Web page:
Put the Local Heroes Back in the Field and Bring Back Variety in Cup Racing
When the stars and cars of NASCAR venture to Dover International Speedway this weekend, around 36 or 37 teams will unload equipment for the event, leaving the field a handful shy of full. Anybody want to go in on a car we could enter and have some fun?
The fact that my question will certainly be answered with an emphatic “NO” is – to my mind – another of our sport’s current ills, albeit maybe a smaller one.
Except for one or two of those cars at the back of the pack, all the teams you’ll see this weekend will be the same ones you’ve seen at every other race so far, and with the same driver. The one or two exceptions will involve new chauffeurs whose qualifications start with having the money to finance the ride. Some may bring some friends and family to the track, but I can’t see that making a significant difference in the overall attendance, which from what I’ve seen of the stands at recent Dover races, could certainly use some help.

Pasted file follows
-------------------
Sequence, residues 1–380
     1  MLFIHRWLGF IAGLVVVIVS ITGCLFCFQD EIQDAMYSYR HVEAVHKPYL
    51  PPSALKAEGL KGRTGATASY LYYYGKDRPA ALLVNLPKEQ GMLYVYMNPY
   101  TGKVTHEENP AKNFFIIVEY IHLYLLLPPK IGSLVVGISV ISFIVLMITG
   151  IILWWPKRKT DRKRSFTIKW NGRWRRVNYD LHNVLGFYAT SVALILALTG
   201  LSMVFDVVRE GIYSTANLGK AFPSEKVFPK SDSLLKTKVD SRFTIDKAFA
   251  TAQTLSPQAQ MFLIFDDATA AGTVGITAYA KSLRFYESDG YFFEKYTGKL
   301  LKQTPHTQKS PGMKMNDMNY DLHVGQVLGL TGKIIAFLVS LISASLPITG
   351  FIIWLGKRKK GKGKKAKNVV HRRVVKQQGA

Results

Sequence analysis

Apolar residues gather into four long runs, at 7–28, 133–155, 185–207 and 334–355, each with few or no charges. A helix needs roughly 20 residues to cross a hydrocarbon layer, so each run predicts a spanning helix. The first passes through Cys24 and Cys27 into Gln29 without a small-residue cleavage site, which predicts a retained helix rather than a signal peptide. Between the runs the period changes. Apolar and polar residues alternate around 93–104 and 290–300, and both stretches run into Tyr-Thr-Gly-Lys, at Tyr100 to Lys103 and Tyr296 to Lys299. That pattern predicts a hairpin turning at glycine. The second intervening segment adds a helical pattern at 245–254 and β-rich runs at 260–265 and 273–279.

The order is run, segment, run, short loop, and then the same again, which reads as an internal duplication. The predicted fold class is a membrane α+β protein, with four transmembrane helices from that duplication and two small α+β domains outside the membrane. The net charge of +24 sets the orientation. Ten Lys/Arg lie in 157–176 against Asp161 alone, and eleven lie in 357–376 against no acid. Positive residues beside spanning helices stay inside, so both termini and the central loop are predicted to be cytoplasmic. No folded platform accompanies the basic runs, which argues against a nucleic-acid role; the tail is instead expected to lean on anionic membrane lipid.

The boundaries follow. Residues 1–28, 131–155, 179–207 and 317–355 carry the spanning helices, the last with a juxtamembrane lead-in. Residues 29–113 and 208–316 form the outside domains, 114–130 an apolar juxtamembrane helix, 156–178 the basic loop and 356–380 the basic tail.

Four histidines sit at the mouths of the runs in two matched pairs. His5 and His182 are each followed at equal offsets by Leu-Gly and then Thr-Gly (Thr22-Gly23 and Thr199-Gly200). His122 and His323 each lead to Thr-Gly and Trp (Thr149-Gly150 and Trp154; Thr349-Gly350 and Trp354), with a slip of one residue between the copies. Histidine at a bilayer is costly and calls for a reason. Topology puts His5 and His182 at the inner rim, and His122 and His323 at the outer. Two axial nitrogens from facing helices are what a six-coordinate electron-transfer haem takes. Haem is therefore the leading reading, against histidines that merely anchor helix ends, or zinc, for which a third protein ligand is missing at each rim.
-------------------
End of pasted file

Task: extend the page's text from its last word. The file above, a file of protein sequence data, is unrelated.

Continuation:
When they first raced at Dover, the start-finish line was on what we now know as the backstretch. There’s Richard Petty, who would dominate.
It used to be different, and I’m going to say here that, just maybe, this is an instance where going back to the old days might just help.
Dover’s first race, that 1969 oddity that was held two days after the Firecracker 400 at Daytona, probably wasn’t conducive to bringing in non-regulars, because getting the regulars up from Florida in time to race was trouble enough. Still, New Englander Roy Hallquist brought a car down and ran. He would end up competing occasionally for about a decade and even drove in SCCA Trans-Am, but his legacy is probably as a late model standout “back home.”
Roy Hallquist raced this car at home in New England but had another to enter in the occasional Grand National race, including the first one at Dover.
The next couple of years saw some locals give it a shot in their own cars. Joe Phipps from Newark and A.J. Cox from Wilmington both made a handful of GN starts. Then, in 1973, guest drivers with more name recognition began to be entered. The first was Eddie Pettyjohn of Milton, one of the top late model aces in the region through the ‘60s and ‘70s. Unfortunately, Pettyjohn wrecked and finished last, but that would only be his first appearance. In that fall’s race, he would drive Junie Donlavey’s Truxmore Ford to 10th.
Also in the field in the fall race was Pennsylvania modified star Dick “Toby” Tobias, driving a car that was pretty local to Dover. Federalsburg, Md., farmer Norris “Speedy” Reed owned the car, sponsored by Smithville Farms. Over the years it competed in more than two dozen Grand National/Winston Cup races.